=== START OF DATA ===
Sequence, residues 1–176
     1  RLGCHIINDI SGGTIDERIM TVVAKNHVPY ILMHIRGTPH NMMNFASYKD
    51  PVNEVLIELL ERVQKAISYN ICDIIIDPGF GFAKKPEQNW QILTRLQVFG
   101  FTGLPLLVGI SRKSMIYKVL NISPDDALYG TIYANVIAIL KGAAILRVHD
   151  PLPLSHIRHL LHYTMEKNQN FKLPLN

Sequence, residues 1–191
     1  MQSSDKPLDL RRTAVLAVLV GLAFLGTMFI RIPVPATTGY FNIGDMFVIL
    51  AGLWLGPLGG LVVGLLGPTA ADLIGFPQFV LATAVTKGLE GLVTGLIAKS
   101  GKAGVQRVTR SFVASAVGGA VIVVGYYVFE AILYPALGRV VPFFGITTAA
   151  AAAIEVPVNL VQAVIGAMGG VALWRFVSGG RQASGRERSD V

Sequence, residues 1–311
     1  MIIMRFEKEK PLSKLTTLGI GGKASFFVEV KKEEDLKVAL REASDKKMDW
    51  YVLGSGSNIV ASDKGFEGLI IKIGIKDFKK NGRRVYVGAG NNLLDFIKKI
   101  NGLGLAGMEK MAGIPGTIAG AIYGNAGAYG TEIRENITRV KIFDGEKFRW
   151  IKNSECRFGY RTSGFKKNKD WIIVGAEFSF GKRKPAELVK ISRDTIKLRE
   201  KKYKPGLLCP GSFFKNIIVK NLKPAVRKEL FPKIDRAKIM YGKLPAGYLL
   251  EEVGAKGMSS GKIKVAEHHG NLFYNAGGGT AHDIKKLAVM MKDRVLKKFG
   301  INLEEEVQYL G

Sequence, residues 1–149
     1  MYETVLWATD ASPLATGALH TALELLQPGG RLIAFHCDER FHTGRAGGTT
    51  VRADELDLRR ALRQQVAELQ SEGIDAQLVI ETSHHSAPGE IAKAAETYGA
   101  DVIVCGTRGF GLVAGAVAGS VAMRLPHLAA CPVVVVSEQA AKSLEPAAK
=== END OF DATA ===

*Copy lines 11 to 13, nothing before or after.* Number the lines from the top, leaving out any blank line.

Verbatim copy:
Sequence, residues 1–311
     1  MIIMRFEKEK PLSKLTTLGI GGKASFFVEV KKEEDLKVAL REASDKKMDW
    51  YVLGSGSNIV ASDKGFEGLI IKIGIKDFKK NGRRVYVGAG NNLLDFIKKI